• Now that he has a much (MUCH) wider audience, it's hard to bring that type of contact to scale. Doing things like Periscope and podcasting have brought more interaction with his audience in a whole new way. You can still whisper and be personal, but it may not look exactly the same as you grow.
  • Guest posting has become very normal to do, but putting ideas on other people's blogs is still a great way to connect with new readers.
  • Doing challenges is another fantastic way to bring community to a group. It's an intense period of doing something together and doing things together brings community and engagement. It gives people a sense of belonging.
  • Another great idea is to repurpose and repackage old content to give it second life. The first 31 days of the podcast was a repurposing of an old series. Creating evergreen content helps you to have content to repurpose.

Is Blogging DEAD? 

People are constantly saying this and Darren has heard this for the last ten years. People tend to say this whenever a new medium comes along or when someone large leaves blogging. (Read this great interview Darren did with Heather Armstrong of Dooce about this very thing!) The reality is that blogging is shifting and has always been shifting. As hard as this may be to believe, when blogs to having comments (because they didn't at first), many people thought blogging was dead. Keep evolving and be open to the new movements.

One thing Darren has been doing a lot of lately is Blab, so you should definitely follow him on Blab to get notifications when he goes live!

Relevant Links

Reading Roundup: What's New in Blogging Lately
The Problogger Podcast
SuperNiching: The Dirty Little Secret of Bloggers Everywhere

Oct 2, 2015

When I heard Maritza Parra speak this summer on list-building at Podcast Movement, I knew I wanted to have her come on the show. You guys know how I feel about building email lists. (If you don't, you should read this or this or this.) Maritza shared in the session how she sold her first product to a list of 800 people and made $30,000. Now you're REALLY geared up for this interview aren't you?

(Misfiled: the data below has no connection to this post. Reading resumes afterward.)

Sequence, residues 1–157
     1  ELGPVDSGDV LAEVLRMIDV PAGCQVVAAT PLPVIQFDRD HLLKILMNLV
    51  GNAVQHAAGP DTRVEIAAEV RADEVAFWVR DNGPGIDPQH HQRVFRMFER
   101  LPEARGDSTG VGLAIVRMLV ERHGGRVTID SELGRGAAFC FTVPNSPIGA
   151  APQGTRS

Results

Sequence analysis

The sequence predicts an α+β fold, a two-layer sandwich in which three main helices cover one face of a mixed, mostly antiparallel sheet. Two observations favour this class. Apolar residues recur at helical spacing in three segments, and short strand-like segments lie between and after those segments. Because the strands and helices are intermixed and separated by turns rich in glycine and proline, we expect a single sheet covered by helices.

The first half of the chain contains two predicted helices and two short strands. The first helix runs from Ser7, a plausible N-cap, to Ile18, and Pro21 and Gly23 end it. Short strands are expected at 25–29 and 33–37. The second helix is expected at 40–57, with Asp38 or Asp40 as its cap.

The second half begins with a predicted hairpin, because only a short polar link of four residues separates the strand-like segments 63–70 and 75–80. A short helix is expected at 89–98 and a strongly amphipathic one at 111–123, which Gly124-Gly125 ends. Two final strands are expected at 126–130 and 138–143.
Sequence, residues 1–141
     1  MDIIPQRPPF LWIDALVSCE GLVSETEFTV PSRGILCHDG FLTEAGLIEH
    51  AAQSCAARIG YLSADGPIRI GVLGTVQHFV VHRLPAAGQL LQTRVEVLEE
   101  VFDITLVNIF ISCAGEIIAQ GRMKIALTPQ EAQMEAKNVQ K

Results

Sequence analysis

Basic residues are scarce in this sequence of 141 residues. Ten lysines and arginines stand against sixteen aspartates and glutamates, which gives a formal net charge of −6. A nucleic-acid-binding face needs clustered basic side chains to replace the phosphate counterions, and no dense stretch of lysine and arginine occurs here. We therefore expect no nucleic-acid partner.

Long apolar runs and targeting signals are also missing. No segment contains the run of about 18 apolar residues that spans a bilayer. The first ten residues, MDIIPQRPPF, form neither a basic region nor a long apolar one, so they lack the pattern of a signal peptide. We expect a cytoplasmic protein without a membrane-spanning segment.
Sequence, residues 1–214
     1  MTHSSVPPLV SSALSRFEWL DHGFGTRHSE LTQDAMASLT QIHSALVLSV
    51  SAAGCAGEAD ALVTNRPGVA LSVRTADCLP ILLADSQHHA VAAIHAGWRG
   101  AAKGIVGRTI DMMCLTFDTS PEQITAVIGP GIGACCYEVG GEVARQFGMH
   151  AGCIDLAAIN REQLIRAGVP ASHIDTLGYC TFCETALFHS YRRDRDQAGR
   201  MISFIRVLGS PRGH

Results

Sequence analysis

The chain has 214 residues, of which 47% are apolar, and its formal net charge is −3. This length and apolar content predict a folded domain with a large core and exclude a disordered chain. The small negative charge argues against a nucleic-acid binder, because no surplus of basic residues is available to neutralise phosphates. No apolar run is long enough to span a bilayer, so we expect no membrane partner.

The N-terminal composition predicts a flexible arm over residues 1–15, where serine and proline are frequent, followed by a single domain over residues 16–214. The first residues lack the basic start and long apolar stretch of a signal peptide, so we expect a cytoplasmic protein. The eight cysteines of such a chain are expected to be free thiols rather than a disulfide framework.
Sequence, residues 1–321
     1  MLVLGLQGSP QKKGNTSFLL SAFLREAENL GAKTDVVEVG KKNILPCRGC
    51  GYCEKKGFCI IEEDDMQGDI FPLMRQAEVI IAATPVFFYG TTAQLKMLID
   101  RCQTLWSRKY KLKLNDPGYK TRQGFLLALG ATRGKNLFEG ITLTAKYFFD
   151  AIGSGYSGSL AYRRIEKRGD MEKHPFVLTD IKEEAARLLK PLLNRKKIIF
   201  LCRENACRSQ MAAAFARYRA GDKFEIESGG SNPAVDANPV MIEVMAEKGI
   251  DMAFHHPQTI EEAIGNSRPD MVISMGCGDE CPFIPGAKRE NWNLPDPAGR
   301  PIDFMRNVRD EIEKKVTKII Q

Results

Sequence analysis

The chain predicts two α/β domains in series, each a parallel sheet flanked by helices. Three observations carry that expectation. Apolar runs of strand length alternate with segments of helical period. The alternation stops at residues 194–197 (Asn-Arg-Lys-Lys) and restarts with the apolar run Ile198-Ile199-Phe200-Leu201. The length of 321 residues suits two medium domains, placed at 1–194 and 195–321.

Maritza hosts the Easy Online Marketing Podcast and you can find great value on her site. I would highly recommend signing up for her email list, where you can get a freebie with SO MANY ideas for freebies that are working right now to give away as incentives for email subscribers. SO helpful!!

"The whole point of a list is building relationships."
Big Ideas

Give free content BEFORE asking people to op-in.
You want to move people toward taking action.
Maritza has subscriber appreciation days where she will have her readers sign up for a phone call or mini session with her so she can really connect.
Super targeted lists of very passionate people can be VERY successful. This allows you to be super specific in what you offer and lets you zero in on those pain points for your audience.
Consider doing real-life meet ups where you can connect with people in person. Have a Q&A and make notes of what things they want to know and learn.
Don't take unsubscribes personally!
When is the best time to send something to your list? When you have something important to say, THAT'S the time.
You teach people how to treat you, so if you hesitate or second guess who you are or your product, that lets other people know they don't have to take you seriously.
If you are giving great content, you should be able to offer paid products without feeling bad.
Add a story to what you are selling. Frame it well and as an experience.
Maritza said she has had more failures than successes, but those failures taught her more than the successes. When you fail, celebrate and try to see how you can push through.
Keep separate lists. Know why people signed up so you can speak to specific pain points.
Your freebie whole be a list-specific product, but doesn't have to be huge. A 1-2 page PDF would be great.

Do you suffer from list-building stage fright? Don't be afraid to email your list or sell to your list. If they signed up, there is something they want from YOU.
How to Involve Your Audience in Your Products

Involve them in the process. Ask what they want in a survey or give them two choices and have them hit reply to tell you.
Have a webinar or live training where you can say, "The results are in!" This lets them know that THEY were the driving factor.
Launching before you create your product allows you to know that you have an audience and a need for that product.

I loved this interview because it made me feel like I can do this. I can get over myself and my stage friend and email my list. I love the ways that Maritza connects with her people via phone calls and face to face. What is YOUR big takeaway from this? Let me know in the comments!

The post List-Building Secrets for Success with Maritza Parra appeared first on Create If Writing.